SALEM — State lawmakers drafting a multibillion-dollar package of infrastructure upgrades say the plan is in jeopardy and may not pass this year.
Failing to pass the proposal would mark the second time in two years that a transportation package has been drafted only to die without a vote, dealing a major blow to the agendas of Gov. Kate Brown and other top Democrats. Brown, Senate President Peter Courtney and House Speaker Tina Kotek have time and again proclaimed a transportation improvement plan must be passed this year.
Democratic and Republican leaders have warned for years that roads are crumbling, bridges would fall like matchsticks in an earthquake and that traffic bottlenecks drain commuters and freighters of valuable time and fuel. Something must be done, they say.
Nearly two dozen metro-area mayors, including Portland Mayor Ted Wheeler, agree and issued a statement June 20 calling on lawmakers to act. “We are united and ready to move forward,” their statement said.
A plan released in May by a special committee assembled to craft a transportation deal would draw from several revenue sources to fund a decade of upgrades and maintenance.
The legislation would increase statewide gas taxes and vehicle registration fees. It would also establish new revenue streams: a statewide payroll tax, a tax on car and bicycle sales, tollways and Portland-area tax and fee hikes. It is a decidedly go-big-or-go-home plan.
But key legislators of both parties say partisan politics, pressure from moneyed interest groups and the inherent complexity of transportation policy have cast a pall over efforts to secure its passage.
Sen. Lee Beyer, a Springfield Democrat and one of four lawmakers heading the special transportation committee, was visibly frustrated June 20 at the prospect of transportation negotiations imploding. He said he is unsure a transportation bill will pass this year.
“I’m at the point of just wanting to be done with it,” Beyer said.
Rep. Cliff Bentz, another committee leader, agreed with Beyer that the plan’s success is uncertain. “The complexities of the package are significant,” Bentz said, and pose a challenge to reaching a deal that pleases both Capitol political factions and interest groups.
Sen. Fred Girod another member of the special transportation committee, was more blunt.
“I think it’s slim to zip that we get it out this session,” Girod said. “There’s just too many moving parts and we can’t figure out what it’s going to be.”
The only sunny outlook came from committee leader Sen. Brian Boquist.
“I actually think there’s votes to pass it,” he said. “The fundamental question is, is it in good enough shape to keep it off the ballot?”
Several powerful interest groups oppose tax-raising aspects of the transportation plan, lawmakers say. If the bill is passed into law and those groups remain upset, they could launch a signature-gathering campaign and send the entire transportation bill to voters, who are given to rejecting tax hikes.
Lawmakers worry such a ballot challenge may succeed, undermining their two-year effort.
Beyer rattled off a short list of potential opposition groups: Petroleum sellers dislike the gas tax. The AAA and auto dealers disapprove of a tax on car sales. Cyclists oppose a tax on bikes.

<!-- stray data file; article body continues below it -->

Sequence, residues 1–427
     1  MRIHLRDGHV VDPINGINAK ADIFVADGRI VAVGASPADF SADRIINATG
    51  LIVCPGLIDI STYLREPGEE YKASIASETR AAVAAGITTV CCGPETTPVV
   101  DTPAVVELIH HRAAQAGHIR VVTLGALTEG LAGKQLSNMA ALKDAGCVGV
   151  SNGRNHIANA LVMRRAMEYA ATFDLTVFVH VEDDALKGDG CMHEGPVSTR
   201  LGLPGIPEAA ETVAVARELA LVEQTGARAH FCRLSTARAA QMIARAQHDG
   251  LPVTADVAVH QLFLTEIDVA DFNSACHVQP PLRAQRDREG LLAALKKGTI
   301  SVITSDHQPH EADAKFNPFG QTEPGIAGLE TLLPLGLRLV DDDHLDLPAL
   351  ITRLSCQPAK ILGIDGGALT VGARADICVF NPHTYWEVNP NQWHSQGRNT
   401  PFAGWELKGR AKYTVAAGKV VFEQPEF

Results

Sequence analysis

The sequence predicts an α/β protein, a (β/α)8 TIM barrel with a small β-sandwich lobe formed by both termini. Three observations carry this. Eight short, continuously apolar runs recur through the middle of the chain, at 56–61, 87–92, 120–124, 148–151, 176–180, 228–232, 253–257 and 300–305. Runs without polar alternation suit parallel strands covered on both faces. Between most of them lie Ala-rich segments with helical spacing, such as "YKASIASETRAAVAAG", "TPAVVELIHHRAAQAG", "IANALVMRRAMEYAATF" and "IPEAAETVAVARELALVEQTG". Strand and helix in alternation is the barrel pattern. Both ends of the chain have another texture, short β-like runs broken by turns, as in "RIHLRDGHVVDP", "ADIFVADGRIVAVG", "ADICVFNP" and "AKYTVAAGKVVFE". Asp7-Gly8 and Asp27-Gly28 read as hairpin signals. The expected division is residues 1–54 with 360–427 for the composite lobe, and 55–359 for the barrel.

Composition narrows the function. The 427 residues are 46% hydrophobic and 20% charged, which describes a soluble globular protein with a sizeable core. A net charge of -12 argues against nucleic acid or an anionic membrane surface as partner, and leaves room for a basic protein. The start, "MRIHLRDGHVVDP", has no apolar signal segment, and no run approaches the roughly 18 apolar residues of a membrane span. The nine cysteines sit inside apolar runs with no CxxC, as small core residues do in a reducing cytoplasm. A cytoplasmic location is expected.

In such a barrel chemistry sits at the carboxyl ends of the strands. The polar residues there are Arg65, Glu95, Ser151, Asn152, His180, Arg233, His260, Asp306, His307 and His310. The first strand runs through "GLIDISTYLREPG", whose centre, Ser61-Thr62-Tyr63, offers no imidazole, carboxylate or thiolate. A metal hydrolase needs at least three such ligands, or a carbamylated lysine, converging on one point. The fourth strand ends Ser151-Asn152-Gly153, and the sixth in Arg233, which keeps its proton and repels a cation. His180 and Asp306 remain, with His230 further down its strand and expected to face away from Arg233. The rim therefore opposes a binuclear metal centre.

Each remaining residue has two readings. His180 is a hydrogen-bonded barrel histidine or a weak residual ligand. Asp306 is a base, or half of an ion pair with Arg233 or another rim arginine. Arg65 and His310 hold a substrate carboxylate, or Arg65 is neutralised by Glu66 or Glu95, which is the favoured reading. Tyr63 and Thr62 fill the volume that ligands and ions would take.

All lawmakers can do, Bentz said, is reach out to interest groups and try to negotiate. “Some are willing to sit down and talk,” he said. “Others are not.”
Beyond the ballot, Bentz said, “one of the bigger challenges” is how Democrats are addressing Republican demands to alter the state clean fuels law. Two years ago, Republicans wanted to repeal the law, which requires petroleum sellers to blend low-carbon fuels into their gas. But now Republicans only wish to modify the law to cap its costs, Bentz said.
Democratic leaders have so far been unwilling to budge, he said, and will not allow a bill modifying the fuels law to move forward. He said he is unsure if Democrats will eventually cave to earn Republican votes. At least one Republican vote is needed in both the House and Senate to pass the transportation plan, since Democrats lack supermajorities.
Lawmakers have been busy drafting amendments to the bill to make it more palatable for hold-out lawmakers and interest groups, Beyer said. The amendments, which should go public later this week, will likely lessen gas tax and fee increases, he said.
But a smaller package means fewer projects. Bentz acknowledged that reality, though he declined to say which projects would be axed. He indicated that most project money would still be funneled into Portland, where lawmakers are eyeing congestion-relief projects on Interstate 5, Interstate 205 and Oregon 217.
Conflicting political demands and ballot threats are still pulling lawmakers in every which way, in part ensuring that no one will truly be happy no matter what outcome is achieved.
At this point, lawmakers are entertaining the idea that no plan will be passed by the annual adjournment deadline, July 10.
Asked if he would rework the transportation bill during the interim months and come back with a new plan next year, Beyer said, “I’m not inclined to.”
When pressed about what legislators would do if a deal is not reached, Beyer was glum.
“We’d do the same thing we’ve done for the last 20 years,” he said. “Nothing.”